Further clarifications were brought forth by the Executive Director of the Moroccan American Center for Policy, Mr. Jean Abinader who insisted that all politics are local and that our community needs to become more engaged with the political arena starting with small steps at the local schools and municipal levels for instance, in addition to learning from early Arab settlers and building coalitions with other minority groups. 

The conversation also included the religious aspect of this community and the great gap when it comes to Moroccan Malikite-based institutions, mosques and houses of worship. Up to this day, Moroccan American mosques in the US are scarce if not absent and so are religious figures within our community that can lead the effort of sharing the Islamic faith within the frame of the Moroccan culture of respect, understanding and moderation.

Dr. Al Aziz Eddebbarh, retired scientist and attendee of the Hartford Seminary in Islamic Champlaincy, flew all the way from Las Vegas to share the need for more religious collaboration between the US and Morocco through the various institutions currently offering Islamic Chaplaincy programs in the US and the need to extend current programs in Morocco beyond the immediate borders.

Also, the discussion about science, research, education and technology was very passionate as we learned from Dr. Mohamed Bourdi, Dr. and Researcher  in Phycology at the world-renown National Institute of Health,  about the near absence of Moroccan scientific publications due mainly to the English language not gaining fluency in Morocco yet and the disconnect that exists between academic institutions in Morocco and the scientific diaspora who is willing to go to Morocco and share knowledge and best practices. 

Last but not least, the issue of social and youth challenges in the US was discussed. There is still a large number of community members who are not able to integrate the American way of life which is dependent on learning the language and accessing services. Many do come from Morocco with very poor or no English knowledge and are unable to move forward professionally : the language barrier forces many of them into low paying jobs and poor level of opportunities. On a more dramatic end, there is a lack of support system for new comers and families in difficult situations, special attention must be paid to mothers with children who are facing challenges such as displacement, violence or homelessness as emphasized by Mr. Moulydriss Aloumouati, Supervisor at the Social services for Fairfax County in Virginia.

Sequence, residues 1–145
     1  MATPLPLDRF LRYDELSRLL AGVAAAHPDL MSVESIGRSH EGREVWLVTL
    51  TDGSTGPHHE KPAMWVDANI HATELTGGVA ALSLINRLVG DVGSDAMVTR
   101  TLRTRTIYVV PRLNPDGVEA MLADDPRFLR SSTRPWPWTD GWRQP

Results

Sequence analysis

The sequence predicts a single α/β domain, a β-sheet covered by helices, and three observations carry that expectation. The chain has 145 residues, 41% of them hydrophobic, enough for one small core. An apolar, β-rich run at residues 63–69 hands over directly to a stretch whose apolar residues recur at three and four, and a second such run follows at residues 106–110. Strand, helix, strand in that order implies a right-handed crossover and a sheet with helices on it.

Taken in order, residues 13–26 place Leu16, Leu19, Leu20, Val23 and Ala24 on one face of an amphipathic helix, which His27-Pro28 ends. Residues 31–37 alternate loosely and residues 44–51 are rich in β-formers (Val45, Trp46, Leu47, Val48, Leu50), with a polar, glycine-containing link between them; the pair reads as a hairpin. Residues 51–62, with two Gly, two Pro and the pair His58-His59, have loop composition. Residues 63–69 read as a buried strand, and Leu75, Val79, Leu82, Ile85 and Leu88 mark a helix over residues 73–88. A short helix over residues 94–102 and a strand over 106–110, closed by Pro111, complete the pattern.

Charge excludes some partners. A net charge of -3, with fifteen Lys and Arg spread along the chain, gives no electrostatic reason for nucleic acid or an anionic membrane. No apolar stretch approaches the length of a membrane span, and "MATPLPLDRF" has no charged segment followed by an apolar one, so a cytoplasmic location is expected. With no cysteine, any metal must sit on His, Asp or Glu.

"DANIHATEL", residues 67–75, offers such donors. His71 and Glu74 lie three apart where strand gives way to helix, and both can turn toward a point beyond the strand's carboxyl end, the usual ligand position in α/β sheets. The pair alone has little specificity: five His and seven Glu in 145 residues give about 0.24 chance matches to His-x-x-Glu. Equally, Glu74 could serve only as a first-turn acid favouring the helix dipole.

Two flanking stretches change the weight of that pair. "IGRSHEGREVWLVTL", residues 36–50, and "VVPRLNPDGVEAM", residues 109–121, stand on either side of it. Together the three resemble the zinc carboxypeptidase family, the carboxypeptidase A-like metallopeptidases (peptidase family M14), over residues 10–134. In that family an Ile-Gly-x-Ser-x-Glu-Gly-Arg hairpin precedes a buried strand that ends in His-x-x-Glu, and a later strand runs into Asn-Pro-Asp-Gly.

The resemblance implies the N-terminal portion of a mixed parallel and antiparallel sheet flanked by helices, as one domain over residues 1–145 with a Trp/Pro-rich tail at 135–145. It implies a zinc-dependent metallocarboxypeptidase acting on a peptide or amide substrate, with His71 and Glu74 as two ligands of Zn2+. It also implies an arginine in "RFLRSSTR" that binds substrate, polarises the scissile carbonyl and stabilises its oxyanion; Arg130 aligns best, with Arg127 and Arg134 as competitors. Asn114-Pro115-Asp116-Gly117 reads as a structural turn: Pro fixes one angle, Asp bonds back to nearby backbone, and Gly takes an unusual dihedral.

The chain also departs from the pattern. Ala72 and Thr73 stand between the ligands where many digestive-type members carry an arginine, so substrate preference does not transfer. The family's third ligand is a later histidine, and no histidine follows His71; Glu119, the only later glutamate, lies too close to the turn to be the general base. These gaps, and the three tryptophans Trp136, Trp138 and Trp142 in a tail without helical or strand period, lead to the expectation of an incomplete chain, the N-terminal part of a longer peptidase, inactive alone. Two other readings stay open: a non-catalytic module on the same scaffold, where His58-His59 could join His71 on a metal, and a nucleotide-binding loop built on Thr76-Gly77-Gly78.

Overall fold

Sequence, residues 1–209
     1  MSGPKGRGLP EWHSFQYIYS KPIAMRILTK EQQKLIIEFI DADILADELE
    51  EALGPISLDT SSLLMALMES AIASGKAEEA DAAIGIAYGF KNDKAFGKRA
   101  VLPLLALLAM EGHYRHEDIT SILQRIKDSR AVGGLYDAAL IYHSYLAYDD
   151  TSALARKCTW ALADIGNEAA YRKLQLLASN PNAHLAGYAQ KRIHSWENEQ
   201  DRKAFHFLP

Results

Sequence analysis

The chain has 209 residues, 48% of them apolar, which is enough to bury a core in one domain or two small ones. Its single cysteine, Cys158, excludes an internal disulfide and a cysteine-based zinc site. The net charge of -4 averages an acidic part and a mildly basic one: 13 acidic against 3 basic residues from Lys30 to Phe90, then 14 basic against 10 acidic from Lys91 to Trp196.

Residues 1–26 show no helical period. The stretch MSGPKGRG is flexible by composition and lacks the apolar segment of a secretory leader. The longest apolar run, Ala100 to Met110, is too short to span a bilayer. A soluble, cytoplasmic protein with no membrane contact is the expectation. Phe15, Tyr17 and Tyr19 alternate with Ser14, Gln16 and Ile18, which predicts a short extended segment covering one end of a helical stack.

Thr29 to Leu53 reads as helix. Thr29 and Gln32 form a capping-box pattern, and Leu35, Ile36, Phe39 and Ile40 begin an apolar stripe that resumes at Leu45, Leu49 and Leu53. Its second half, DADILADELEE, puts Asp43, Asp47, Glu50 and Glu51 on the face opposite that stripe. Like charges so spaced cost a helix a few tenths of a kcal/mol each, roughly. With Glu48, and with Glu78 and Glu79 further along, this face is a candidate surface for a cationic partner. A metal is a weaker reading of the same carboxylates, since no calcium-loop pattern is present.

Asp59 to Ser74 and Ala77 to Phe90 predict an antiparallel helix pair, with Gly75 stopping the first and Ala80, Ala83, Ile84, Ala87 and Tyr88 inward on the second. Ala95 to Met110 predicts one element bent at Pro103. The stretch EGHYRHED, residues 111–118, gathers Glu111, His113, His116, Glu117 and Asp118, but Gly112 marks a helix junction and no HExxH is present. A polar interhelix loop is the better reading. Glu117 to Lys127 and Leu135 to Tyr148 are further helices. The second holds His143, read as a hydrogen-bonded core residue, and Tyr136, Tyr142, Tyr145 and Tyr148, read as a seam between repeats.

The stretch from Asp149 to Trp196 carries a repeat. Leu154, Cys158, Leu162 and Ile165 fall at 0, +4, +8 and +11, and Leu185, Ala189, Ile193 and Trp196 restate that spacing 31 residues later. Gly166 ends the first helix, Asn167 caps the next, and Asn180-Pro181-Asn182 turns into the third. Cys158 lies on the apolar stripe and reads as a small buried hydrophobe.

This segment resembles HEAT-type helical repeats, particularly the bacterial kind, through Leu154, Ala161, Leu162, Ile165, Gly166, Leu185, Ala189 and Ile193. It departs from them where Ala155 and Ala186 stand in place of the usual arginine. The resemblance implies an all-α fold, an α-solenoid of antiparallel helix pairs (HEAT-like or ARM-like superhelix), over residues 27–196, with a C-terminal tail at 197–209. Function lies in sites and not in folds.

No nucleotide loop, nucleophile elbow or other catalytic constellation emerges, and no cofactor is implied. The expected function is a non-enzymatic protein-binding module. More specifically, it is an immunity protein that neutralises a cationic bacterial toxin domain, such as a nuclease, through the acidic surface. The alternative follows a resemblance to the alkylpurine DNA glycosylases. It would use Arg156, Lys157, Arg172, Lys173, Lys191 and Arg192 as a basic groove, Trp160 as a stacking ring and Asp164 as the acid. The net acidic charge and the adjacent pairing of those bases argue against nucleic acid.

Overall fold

Overall, the event was a great opportunity for the CCME members to get to know members of the Moroccan American community in the Greater Washington DC Metro and be able to share some of their experiences and input through the CCME’s recommendations to policy makers in Morocco and His Majesty King Mohammed VI.

As confirmed by the CCME's representative in the US, Mrs. Nadia Serhani, the event that brought together all these actors and representatives was successful in setting the tone for future events to be held in the US with other Moroccan communities. The goal is to shed the light on their challenges and consolidate their input and recommendations in an effort to present these findings as a final CCME report to inform policy makers and especially ensure that the articles of the Constitution related to the Moroccan Community abroad are put in place through the establishment of organic laws based on these various feedbacks.

Last, the CCME seeks to help policy makers in Morocco to implement the articles of the constitution by engaging the various stakeholders to include the Moroccans of the world in the process of creating these organic laws and to include them as directed by his Majesty King Mohammed VI in the various governmental institutions as full fledged citizens of Morocco with a seat at the table.
Nadia SERHANI, CCME's Member in the United States